Cotton oil has antioxidant characteristics that affect the cosmetic and food industry but the refining process helps to reduce the nutritional qualities of this natural oil.
Characteristics of cottonseed oil
Cotton oil is a vegetable oil obtained by cold pressing the seeds of cotton, a plant belonging to the genus Gossypium, of the Malvaceae family.
Rich in polyunsaturated fatty acids, such as linoleic acid, cotton oil has excellent antioxidant properties because it is also very rich in vitamin E and therefore widely used in cosmetic products for the skin.
Cotton oil appears as an oily substance with a light yellow color, with a pleasant and delicate texture fragrance. It needs to be subjected to a refining process to make it usable also in the food sector. The toxicity is given by the presence of gossypol, a dangerous substance for the whole organism that can lead to infertility.
Let’s see better what are the properties of refined cotton oil.
Properties of cotton oil
The main feature of cotton oil is its richness in tocopherol, so let’s talk about Vitamin E. After wheat germ oil and sunflower oil, cottonseed oil is the major contributor of antioxidant properties. Precisely for this characteristic it is used by the food industry as a preservative, its low cost and its stability positively connote it among the ingredients useful for this purpose.
The aspect that limits the properties of cotton oil is given precisely by the refining process, which affects the amount of antioxidant substances from origin. So even today it is not fully cleared of customs and clear whether this oil is a valid solution as an alternative to other anti-aging oils.
Use of cottonseed oil in cosmetics
Cotton oil is highly appreciated in the cosmetic field since its stability makes it ductile in aggregation with other components. Cotton oil is also rich in linoleic acid, the famous Omega-6, essential in the composition of ceramides, essential for the skin’s lipid composition.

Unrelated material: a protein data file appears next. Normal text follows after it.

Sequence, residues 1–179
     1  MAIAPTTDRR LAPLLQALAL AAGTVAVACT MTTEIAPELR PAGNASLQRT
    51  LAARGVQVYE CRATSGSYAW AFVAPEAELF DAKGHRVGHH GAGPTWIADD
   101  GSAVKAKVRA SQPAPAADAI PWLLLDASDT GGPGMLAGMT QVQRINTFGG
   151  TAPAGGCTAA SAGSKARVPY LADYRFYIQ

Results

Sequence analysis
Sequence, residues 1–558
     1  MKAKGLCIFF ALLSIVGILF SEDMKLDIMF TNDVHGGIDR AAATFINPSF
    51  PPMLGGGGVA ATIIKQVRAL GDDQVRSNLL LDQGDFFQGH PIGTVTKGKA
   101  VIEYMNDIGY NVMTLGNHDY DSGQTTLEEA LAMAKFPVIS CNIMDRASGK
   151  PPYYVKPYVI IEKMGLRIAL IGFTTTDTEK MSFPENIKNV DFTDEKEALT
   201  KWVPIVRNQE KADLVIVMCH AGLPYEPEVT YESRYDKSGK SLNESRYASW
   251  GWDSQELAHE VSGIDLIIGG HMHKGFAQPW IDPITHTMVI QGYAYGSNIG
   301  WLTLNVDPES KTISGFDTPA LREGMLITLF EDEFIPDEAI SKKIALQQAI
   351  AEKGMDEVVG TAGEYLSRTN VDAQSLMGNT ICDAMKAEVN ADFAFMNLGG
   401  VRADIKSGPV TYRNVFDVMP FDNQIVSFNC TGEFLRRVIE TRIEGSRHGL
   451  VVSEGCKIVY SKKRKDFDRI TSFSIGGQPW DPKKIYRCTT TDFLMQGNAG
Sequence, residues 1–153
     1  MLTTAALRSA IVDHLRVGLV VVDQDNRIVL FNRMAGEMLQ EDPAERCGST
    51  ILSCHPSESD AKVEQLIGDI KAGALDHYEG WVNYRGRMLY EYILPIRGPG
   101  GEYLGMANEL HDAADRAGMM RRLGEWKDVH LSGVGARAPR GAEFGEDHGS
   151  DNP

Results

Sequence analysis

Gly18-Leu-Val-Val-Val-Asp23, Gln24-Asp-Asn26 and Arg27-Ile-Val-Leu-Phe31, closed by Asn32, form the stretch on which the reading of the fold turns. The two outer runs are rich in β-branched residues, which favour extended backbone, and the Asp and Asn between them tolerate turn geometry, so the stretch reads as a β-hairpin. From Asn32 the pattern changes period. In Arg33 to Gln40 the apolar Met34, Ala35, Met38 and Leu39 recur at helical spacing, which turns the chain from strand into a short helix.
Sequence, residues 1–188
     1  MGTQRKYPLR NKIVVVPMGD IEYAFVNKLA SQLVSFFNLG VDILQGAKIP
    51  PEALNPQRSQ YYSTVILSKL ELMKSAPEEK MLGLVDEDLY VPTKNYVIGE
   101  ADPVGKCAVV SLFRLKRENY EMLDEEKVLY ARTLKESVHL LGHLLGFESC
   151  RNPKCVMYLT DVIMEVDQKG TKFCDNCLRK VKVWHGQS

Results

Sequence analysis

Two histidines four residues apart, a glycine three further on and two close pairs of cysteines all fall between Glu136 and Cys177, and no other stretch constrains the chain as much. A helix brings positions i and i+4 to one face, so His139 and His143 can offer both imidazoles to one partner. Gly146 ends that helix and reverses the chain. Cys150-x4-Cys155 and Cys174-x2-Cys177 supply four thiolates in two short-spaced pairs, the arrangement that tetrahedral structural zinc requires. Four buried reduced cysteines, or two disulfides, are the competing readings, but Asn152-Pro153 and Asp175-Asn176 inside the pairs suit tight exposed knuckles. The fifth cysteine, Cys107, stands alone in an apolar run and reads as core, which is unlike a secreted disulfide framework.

It is an easily absorbable and very delicate oil. It possesses eudermic properties:
- elasticizing, for mature skin with little tone;
- moisturizing, for dry and dehydrated skin, even from sun exposure;
- regenerating of injured tissues, for peeling skin from dermatitis, light forms of psoriasis;
- protective, counteracts the action of free radicals thanks;
- polishing, especially if used on the hair, revitalizes the color and restores the shaft.
Using cottonseed oil in cooking
The food use of cottonseed oil always engenders conflicting arguments. To be fair, it is important to underline the need for a refined gossypol oil to be used in the kitchen, but in a sort of vicious circle , refining decreases the potential of its antioxidant properties and at this point there are oils with nutritional properties of greater impact. , such as extra virgin olive oil.
There is an interesting aspect related to gossypol that has emerged from some scientific research: it seems that it is able to inhibit the proliferation of some cancer cells, in particular breast and prostate cancer by exerting an action on the SRC3 protein. In any case, these are still ongoing studies that need to be validated.
Curiosities about cottonseed oil
Cotton oil was long ago consumed by the Chinese population at particular times of the year. Its massive use had signaled the concomitant decline in births. From research carried out it was found that gossypol was responsible for male infertility.
Some Chinese manufacturers in the wake of this discovery had formulated a gossypol-based supplement for birth control, but the toxicity of this substance and the side effects led to its banning from marketing.